Championing Diversity with Alex and Maia Shibutani

Moderated by:

Valerie Wong Fountain

Managing Director and Head of Family Office
Resources Platform and Partner
Management at Morgan Stanley

For anyone familiar with Alex and Maia Shibutani’s skating career, the first word that comes to mind might simply be: Amazing. The duo are two-time Olympic medalists, three-time World medalists, and two-time U.S. national champions, just to name a few of their accomplishments. But for the Shibutani siblings, the next chapter of their careers focuses not only on their outstanding stories but also on those of others.

In partnership with Morgan Stanley’s Asian Employee Network (AEN) and in celebration of Asian American and Pacific Islander (AAPI) Heritage Month, Valerie Wong Fountain, Managing Director and Head of Family Office Resources Platform and Partner Management at Morgan Stanley, sat down with Alex and Maia to discuss the importance of their new children’s book: Amazing: Asian Americans and Pacific Islanders Who Inspire Us All. Julie Chung, AEN Co-Chair, delivered opening remarks, and thanks to the generosity of AEN, all participants received a copy of the book – in-person attendees were lucky enough to receive a signed copy!

Motivation and Medals

Though Maia and Alex both started skating at a young age, they didn’t start skating as a team until they were ages 9 and 12 (contrary to popular belief, they are not twins). Their success took dedication and hard work, but their equal partnership and genuine enjoyment in spending time together kept them committed while they moved homes, woke up at early hours, and went to nontraditional school to accommodate their training.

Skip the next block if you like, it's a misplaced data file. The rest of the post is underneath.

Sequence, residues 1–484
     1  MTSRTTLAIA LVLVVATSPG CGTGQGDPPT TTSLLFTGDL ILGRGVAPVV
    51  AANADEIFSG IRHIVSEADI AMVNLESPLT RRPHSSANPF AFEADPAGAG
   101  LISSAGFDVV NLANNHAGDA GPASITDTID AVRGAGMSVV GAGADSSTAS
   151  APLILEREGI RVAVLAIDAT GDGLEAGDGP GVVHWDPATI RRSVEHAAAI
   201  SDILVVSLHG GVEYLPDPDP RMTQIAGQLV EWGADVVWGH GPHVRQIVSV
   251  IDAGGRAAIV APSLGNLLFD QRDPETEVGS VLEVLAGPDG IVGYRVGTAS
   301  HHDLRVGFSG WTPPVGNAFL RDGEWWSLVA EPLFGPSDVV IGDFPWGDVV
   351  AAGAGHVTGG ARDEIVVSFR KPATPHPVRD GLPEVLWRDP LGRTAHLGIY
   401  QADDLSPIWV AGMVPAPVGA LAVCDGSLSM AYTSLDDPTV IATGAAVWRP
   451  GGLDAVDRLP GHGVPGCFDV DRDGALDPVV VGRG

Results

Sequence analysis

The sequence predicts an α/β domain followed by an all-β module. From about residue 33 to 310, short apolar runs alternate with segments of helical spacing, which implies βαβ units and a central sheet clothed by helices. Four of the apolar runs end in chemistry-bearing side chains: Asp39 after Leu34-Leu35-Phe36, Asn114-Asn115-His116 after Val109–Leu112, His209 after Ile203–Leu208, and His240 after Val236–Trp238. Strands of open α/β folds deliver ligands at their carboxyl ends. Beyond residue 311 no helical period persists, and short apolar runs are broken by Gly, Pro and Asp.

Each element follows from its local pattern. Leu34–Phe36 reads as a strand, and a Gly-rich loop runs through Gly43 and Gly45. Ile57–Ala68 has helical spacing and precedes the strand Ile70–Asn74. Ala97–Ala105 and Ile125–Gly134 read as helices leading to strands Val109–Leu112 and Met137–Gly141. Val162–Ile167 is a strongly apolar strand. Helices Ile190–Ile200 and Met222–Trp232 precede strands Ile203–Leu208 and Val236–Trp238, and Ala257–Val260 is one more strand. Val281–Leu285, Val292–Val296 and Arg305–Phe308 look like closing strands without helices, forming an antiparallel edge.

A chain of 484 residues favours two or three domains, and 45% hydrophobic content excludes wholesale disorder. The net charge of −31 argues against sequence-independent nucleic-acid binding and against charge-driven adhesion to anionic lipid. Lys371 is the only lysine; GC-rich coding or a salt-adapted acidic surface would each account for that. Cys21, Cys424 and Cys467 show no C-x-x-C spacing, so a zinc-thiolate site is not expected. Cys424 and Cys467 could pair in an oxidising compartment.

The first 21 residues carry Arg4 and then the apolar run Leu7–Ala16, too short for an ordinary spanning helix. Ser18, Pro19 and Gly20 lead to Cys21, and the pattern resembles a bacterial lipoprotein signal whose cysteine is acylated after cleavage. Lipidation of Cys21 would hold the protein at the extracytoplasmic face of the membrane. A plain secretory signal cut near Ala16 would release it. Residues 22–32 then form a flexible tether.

While they had each other to lean on, they were singular within their sport. “We didn’t have direct role models in ice dance,” Alex noted, so the partners paved the way for themselves. In 2018, they became the first ice dancers of Asian descent and the first non-white team to medal at the Winter Olympics.

Maia and Alex Shibutani

The Story Continues

As ice dancers, The Shibutanis are not just Olympic athletes but storytellers – and they decided to harness this talent through another medium. “After the Olympics, we wanted to see how our storytelling would translate to real life,” Maia noted. The Shibutanis had already broken new ground on the ice, so they decided to take on representation in media, too.

Amazing tells the story of 36 Asian American and Pacific Islanders who are just that: amazing. They are not all athletes – the book features entertainers, chefs, activists, and other accomplished individuals in the AAPI community. There are some names that many of us would recognize – Kamala Harris and Dwayne “The Rock” Johnson, for example – but there are also less-discussed figures, such as Alice Wong, founder of the Disability Visibility Project, and women’s suffrage activist Dr. Mabel Ping-Hua Lee. Maia explained the importance of having all these individuals in the same book: “Who decides whose story gets to be told? Whose story is important?”